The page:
Honoring Dignity, Others And Your Own

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By Michele Howe

“Whatever games are played with us, we must play no games with ourselves.”

Ralph Waldo Emerson

womanarmupWe’ve all heard someone curtly reply, “I won’t even dignify that comment with an answer.” Haven’t we? After all, when we feel we’ve been misjudged, maligned, or insulted, it’s only natural to offer this type of retort. But is it effective? Does it promote understanding, reconciliation? Does taking a verbal jab at someone ever make sense?

Consider this, each time a person speaks or refuses to, it’s a chancy venture. Depending upon our mood, our health, and our current emotional state, the person speaking to us is taking a risk. He doesn’t know what we’ve just faced down in the previous twenty-four hours. He has no clue how the pressures and frustrations of the day have weighed heavy on our minds. Add to that volatile mix the speaker’s own state of mind and the combination can quickly grow lethal.

Whether in the workplace or in the home, every person internalizes life’s demands, stresses, and expectations and finds plausible methods of handling them. Sadly, no one can always see with accuracy what another is struggling over. Given the fact that we all have to communicate to understand one another, opting out of verbal exchanges isn’t an alternative. So rather than give in to preying hesitancies or conversely brutal frontal assaults, let’s reset our mindsets a bit.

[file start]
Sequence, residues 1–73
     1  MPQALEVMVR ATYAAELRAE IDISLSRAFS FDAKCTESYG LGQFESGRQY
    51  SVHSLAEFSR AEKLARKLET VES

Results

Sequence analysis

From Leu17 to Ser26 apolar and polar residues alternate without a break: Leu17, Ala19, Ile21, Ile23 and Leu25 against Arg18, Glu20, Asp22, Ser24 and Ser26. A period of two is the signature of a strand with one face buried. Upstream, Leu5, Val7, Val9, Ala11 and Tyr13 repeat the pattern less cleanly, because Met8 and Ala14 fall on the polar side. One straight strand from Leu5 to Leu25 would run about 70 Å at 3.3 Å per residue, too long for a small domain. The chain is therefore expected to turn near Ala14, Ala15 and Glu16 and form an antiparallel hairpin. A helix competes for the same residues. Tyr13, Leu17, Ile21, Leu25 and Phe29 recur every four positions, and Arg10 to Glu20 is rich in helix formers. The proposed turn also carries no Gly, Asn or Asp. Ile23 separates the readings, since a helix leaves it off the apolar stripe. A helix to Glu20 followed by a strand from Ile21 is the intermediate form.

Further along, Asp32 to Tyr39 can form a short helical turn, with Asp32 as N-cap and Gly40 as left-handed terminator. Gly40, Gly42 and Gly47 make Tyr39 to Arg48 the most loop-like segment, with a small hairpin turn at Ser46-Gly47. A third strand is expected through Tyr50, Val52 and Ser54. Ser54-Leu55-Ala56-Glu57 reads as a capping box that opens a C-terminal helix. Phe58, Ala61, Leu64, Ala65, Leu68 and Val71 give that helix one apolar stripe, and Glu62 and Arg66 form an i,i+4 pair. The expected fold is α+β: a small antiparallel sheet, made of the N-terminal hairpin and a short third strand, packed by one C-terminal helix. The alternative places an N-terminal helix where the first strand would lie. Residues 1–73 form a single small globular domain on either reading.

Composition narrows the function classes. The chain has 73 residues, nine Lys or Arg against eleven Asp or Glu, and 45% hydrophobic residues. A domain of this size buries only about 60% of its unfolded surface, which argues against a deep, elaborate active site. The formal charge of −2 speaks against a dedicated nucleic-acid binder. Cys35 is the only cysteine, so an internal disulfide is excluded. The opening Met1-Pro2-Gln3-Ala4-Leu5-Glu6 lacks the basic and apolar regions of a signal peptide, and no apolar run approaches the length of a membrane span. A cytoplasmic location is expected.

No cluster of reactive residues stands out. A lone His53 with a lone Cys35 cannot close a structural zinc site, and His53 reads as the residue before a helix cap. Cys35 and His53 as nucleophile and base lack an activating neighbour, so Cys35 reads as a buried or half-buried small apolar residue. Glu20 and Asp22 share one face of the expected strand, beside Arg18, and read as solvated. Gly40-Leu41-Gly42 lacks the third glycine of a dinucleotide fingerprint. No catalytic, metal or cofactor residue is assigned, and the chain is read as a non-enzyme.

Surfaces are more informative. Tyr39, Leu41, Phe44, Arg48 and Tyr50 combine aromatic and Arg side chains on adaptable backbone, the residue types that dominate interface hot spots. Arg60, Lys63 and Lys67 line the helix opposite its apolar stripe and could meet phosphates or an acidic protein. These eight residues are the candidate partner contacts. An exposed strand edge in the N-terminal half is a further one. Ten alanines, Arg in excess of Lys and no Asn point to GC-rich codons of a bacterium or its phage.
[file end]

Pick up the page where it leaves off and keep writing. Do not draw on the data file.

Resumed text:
womantwistingHow much more pleasant life would look and feel if those around us offered basic consideration. As every individual hopes for a little kindness to come his way each day, why not make the concerted effort to demonstrate a spirit of generous courtesy? There’s no law that says we must mirror another’s bad behavior. We don’t have to play verbal chess games trying to outwit our opponent. It isn’t always; “us against them”…often times a cranky person is just plain worn out.

There’s a better way and it’s right in front of our faces. It’s called offering dignity…you know, that inner willingness to extend someone the forgiveness, care, and respect they’re not deserving of at the present moment. The bottom line is this; when we choose to treat another person with dignity, it only enhances our own. Likewise, when we choose to denigrate another’s worth, we only lessen our own.

What Dignity Looks Like

D – Do set the tone for a conversation by expressing appreciation and thanks from the outset.

I – Invite positive feedback by pairing considerate verbal cues with friendly non-verbal ones.

G – Graciously ask for assistance, advice, or cooperation.

N – Never discuss hot topics if your emotional temperature is rising fast; wait until tempers cool.

I – Initiate an atmosphere of open exchange by listening intently and without interrupting.

T – Take the required time to talk, don’t rush through a litany of requests.

Y – Yield the day if need be and brainstorm new ways to speak and be heard on another day.

Michele Howe is the author of twelve books for women and has published over 1600 articles, reviews, and curriculum to more than 100 different publications. Her articles and reviews have been published in Good Housekeeping, First For Women, Single Parent Family, Christian Single, and many other publications. Michele’s newest release is One Size Fits All: Making Healthy Choices, Stepping Into a Meaningful Life, a women’s health/inspirational devotional by Lighthouse of the Carolinas to be released late 2012 and Faith, Friends, and Other Floatation Devices will be published in 2013 by ACTA Publications. Contact Michele at: [email protected].